Wide World of Horror: ‘Araf (The Abortion’) – a lot of people walking and not much horror

Araf (The Abortion)download
Written by Hakan Bilir
Directed by Biray Dalkiran
Turkey, 2006

How did he know that happened? How long are they going to overlay them walking with music? These are the two questions that horror buffs will find themselves asking after they’ve finished Araf. Those are not two questions that are asked of a great horror movie, they are questions asked of a mediocre horror film. That should tell you about where Araf falls on the movie spectrum.

Biray Dalkrian is the main problem with Araf. His direction is suffocating to the extreme. This film misuses the close-up shot in a most egregious manner. There are times when the camera zooms in on a person walking and follows them in close-up mode while nothing happens until the film cuts to the next scene. The direction shoves the viewer into the machinations of the film in ways that are forced and simply do not work. Close-ups aren’t always a bad thing, but when they don’t serve any discernible purpose and dominate far too much of a movie they become exhausting.

The length of Araf is also problematic. There’s no reason this film should have been an hour and a half. Remove the various montages of Eda and Cenk walking while music takes over the soundtrack and Araf is probably about forty five minutes to an hour at most. The musical montage sequences are super tiring and seem almost endless. There’s only so much one can take of people walking, and walking, and walking some more in a never ending montage mode.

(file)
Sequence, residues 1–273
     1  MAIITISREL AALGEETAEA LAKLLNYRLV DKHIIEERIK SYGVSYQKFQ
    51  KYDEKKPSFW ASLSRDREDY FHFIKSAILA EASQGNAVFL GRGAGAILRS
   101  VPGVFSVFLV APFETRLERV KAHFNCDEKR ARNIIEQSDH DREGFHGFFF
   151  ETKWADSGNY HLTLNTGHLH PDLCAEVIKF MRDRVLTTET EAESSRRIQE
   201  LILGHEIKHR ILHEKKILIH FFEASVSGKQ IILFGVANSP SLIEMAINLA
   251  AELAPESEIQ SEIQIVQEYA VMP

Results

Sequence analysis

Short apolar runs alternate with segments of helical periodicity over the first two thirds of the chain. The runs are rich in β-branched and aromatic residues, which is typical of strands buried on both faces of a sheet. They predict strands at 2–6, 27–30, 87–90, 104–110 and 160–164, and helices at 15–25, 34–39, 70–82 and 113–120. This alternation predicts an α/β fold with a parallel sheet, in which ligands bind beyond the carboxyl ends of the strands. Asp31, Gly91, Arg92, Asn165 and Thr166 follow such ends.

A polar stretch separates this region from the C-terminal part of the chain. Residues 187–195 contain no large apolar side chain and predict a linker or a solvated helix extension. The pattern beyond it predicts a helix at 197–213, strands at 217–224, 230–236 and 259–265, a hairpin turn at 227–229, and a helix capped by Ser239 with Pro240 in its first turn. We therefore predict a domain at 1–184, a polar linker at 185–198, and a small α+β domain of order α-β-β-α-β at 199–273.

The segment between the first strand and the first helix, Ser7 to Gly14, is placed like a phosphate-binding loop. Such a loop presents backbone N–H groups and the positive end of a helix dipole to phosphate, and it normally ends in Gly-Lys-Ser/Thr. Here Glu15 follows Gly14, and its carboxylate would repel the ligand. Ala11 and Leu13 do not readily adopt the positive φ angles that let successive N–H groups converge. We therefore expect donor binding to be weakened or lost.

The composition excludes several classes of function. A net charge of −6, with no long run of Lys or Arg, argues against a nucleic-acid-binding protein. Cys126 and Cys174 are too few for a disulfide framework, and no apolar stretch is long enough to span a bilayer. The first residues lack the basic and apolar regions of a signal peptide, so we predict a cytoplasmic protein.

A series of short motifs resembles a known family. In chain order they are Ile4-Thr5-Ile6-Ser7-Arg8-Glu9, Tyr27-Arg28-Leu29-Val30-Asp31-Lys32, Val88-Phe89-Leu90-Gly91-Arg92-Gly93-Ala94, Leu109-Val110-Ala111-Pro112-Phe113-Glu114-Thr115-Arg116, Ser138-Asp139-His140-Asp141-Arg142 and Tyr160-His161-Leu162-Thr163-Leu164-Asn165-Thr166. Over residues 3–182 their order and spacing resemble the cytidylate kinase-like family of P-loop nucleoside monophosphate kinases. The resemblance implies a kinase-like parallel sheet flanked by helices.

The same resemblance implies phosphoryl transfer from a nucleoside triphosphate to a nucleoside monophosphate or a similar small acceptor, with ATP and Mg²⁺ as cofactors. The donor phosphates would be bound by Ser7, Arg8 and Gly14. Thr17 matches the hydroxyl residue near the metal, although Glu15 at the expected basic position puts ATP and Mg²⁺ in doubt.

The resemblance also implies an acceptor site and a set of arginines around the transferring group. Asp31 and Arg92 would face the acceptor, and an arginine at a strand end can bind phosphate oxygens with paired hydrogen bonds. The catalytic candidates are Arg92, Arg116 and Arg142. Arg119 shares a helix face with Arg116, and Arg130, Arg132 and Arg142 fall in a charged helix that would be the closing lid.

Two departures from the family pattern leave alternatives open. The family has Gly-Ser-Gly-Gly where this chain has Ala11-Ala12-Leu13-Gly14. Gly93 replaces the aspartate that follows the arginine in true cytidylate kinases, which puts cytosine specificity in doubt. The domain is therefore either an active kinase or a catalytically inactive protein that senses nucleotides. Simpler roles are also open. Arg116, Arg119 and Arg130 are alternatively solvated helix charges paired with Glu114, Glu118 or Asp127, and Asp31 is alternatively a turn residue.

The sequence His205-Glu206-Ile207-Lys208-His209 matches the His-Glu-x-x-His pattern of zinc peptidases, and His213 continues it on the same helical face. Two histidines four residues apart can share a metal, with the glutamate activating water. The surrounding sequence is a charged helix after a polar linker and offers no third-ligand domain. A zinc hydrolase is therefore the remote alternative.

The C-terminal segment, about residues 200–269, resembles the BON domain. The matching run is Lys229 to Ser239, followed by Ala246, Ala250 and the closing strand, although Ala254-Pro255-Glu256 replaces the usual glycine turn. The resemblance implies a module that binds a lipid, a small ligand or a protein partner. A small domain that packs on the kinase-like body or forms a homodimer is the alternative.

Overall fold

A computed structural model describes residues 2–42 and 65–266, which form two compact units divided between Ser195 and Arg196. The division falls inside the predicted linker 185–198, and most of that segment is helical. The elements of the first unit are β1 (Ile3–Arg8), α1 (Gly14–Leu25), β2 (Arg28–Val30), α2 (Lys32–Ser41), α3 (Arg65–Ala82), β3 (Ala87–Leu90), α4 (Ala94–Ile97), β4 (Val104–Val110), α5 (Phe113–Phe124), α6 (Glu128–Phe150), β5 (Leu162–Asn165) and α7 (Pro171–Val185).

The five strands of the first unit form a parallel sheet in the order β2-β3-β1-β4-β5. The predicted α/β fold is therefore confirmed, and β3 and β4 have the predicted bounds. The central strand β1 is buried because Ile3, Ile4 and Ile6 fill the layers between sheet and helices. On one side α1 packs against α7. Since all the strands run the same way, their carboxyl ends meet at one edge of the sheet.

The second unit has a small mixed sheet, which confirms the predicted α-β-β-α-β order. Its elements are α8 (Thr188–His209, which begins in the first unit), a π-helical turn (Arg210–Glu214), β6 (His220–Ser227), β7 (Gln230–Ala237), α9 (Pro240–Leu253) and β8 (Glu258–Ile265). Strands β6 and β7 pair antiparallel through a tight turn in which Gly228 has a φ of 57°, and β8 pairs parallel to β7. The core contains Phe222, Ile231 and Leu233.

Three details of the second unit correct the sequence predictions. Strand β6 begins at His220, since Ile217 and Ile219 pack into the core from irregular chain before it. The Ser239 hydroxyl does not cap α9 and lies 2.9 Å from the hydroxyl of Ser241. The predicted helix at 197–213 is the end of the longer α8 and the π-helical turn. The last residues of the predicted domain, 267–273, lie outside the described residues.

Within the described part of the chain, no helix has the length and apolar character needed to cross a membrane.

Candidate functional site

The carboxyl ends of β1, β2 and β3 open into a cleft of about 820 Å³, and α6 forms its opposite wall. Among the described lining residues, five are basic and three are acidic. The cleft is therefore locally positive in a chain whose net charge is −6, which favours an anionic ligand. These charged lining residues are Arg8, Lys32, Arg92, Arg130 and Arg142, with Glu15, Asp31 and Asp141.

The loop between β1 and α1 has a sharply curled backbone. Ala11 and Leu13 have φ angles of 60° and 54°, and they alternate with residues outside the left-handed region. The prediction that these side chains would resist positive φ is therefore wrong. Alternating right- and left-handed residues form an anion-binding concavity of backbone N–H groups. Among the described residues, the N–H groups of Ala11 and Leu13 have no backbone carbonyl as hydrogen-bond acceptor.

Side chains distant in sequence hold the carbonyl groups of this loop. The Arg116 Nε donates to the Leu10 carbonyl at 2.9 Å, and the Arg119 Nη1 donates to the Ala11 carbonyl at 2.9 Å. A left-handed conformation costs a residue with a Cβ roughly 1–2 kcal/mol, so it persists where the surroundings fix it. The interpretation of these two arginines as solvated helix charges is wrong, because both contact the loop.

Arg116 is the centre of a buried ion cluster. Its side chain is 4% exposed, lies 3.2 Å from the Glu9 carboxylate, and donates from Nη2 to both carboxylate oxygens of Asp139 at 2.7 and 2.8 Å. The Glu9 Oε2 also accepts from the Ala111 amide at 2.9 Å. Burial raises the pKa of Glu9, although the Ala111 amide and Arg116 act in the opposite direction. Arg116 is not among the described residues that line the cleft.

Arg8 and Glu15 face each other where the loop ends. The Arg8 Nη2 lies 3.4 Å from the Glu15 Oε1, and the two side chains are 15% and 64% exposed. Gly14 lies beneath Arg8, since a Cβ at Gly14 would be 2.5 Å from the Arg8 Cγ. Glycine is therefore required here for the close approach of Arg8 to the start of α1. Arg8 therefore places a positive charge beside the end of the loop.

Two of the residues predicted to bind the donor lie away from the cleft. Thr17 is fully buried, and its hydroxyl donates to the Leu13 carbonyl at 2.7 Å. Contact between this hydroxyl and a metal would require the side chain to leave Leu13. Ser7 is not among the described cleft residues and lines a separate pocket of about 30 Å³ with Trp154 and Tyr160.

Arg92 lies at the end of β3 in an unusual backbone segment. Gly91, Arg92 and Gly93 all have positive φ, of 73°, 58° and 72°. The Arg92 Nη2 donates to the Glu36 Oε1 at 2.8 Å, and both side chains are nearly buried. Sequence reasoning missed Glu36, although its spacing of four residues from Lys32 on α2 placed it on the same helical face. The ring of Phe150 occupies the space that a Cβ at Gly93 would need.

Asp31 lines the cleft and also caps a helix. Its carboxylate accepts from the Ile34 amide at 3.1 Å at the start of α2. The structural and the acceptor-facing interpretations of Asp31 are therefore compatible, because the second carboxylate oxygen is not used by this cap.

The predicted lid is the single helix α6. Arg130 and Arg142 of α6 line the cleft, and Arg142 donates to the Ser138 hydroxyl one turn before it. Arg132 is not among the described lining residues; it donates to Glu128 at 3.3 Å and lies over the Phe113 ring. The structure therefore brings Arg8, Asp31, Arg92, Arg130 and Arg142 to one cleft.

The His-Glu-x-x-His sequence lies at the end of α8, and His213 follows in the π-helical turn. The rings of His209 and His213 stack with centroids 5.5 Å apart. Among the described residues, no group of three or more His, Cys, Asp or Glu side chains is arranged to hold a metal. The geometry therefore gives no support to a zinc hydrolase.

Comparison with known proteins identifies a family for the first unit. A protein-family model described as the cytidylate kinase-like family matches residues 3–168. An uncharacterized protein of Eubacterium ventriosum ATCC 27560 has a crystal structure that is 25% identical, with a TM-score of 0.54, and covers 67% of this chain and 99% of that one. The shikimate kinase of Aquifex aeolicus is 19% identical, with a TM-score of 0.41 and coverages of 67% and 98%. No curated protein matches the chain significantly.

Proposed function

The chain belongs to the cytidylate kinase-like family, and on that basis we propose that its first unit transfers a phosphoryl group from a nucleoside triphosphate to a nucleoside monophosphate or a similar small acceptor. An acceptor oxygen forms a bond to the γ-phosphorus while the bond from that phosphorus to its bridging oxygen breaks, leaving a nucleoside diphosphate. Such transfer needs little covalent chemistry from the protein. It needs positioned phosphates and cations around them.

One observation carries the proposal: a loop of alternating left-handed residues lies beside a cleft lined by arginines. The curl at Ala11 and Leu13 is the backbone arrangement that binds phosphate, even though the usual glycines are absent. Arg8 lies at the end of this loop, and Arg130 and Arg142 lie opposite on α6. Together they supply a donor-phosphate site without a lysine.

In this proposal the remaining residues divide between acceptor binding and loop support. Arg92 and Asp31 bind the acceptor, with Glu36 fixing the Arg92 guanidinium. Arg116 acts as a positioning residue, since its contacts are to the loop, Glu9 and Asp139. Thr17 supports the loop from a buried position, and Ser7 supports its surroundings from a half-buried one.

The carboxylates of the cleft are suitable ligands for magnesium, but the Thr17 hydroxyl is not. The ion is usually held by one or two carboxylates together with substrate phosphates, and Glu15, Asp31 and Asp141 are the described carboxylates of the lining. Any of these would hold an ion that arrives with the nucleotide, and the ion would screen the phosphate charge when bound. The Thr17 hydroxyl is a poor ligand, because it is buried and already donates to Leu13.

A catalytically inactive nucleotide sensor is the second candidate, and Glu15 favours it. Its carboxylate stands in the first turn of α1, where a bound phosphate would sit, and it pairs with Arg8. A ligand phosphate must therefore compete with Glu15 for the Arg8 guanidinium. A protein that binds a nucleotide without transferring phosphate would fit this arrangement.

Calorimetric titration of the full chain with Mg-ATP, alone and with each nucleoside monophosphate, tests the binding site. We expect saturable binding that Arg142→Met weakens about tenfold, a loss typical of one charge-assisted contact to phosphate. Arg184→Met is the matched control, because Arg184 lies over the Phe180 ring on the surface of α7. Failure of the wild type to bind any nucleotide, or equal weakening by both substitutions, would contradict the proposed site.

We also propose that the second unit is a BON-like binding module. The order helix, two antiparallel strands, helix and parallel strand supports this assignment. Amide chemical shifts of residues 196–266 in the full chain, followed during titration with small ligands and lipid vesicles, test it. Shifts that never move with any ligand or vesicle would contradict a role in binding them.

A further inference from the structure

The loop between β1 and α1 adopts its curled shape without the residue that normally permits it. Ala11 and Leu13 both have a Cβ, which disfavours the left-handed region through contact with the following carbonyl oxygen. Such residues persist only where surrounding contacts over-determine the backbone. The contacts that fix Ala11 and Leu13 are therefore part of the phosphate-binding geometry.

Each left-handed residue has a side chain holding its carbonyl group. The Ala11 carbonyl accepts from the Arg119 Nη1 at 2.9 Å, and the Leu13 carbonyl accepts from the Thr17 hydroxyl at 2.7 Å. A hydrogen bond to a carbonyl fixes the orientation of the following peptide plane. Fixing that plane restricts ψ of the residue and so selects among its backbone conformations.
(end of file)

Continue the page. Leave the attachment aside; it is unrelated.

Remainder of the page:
The horror aspect of Araf never makes much sense. It sets itself up as a horror film about an abortion. But, there are moments of horror that occur before the abortion has taken place. People can see a ghost at certain times, and then at other times they can’t. Essentially the horror of Araf is that of convenient horror. When it is convenient for the screenplay to toss in some horror it does, regardless of if it makes any sense.

The true horror of Araf is found in the thematic content of the film. The central message of Araf is that women are bad and deserve to be punished for simply existing. Men are fine, they can screw and cheat to their hearts content. However, should you have a vagina you can’t really expect anything but a terrible life. Your place is at the side of a man being faithful and doting. Veer from that in any manner and a severe punishment is coming your way. The scary thing is that Araf is a film that believes wholeheartedly in its theme and message.

Less bothersome from a moral standpoint, but more troubling from a filmic view is the moments of realization that occur later in the film. A character remembering events that he wasn’t present for and couldn’t possibly remember is beyond stupid. No movie has never been able to pull off that trope and there’s no reason for it to exist. People can only remember events that they are actually present for, even in the movies this is a truth that can’t be done away with unless you’re introducing a fantasy element like telepathy. When Cenk realizes what’s been going on the entire time there’s nothing to do but shake your head at the stupidity of the filmmaking taking place.

A movie centered on someone having an abortion is prime horror territory. Araf could have been great based solely on its subject matter. That’s not the case as at every turn the filmmaking lets down said subject matter. There’s no deep thematic content in Araf, there’s not much of a movie truth be told. Araf is a misfire from the word go. When it’s finally over and the end credits have rolled, that’s when Araf is finally going to make the viewer happy.

-Bill Thompson

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